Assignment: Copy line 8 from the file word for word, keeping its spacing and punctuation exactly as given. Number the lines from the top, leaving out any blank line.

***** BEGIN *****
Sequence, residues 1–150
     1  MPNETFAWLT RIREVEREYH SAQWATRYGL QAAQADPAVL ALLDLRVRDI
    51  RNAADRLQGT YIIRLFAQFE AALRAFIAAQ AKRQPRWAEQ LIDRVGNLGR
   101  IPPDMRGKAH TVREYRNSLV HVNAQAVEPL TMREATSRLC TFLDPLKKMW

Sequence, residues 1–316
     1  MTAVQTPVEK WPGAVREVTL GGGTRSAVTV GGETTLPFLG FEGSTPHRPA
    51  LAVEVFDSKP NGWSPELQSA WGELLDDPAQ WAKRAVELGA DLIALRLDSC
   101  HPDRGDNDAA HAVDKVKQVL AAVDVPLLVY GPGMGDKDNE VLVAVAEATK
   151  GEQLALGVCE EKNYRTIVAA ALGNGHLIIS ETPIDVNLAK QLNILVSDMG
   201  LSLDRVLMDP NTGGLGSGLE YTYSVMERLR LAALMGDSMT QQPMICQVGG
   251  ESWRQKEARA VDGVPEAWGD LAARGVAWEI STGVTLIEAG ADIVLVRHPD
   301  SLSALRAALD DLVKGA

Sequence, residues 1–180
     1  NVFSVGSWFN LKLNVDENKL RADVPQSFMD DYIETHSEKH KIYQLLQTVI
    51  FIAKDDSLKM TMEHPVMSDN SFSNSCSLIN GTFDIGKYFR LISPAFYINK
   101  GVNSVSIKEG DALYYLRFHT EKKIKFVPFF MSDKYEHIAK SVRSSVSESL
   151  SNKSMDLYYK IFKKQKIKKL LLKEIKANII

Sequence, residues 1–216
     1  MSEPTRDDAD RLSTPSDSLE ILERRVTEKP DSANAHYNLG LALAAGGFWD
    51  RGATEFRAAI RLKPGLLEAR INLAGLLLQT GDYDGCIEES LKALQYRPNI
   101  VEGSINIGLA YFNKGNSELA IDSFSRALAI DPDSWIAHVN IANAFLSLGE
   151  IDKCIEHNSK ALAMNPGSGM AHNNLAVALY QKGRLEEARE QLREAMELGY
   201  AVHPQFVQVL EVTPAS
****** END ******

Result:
   101  HPDRGDNDAA HAVDKVKQVL AAVDVPLLVY GPGMGDKDNE VLVAVAEATK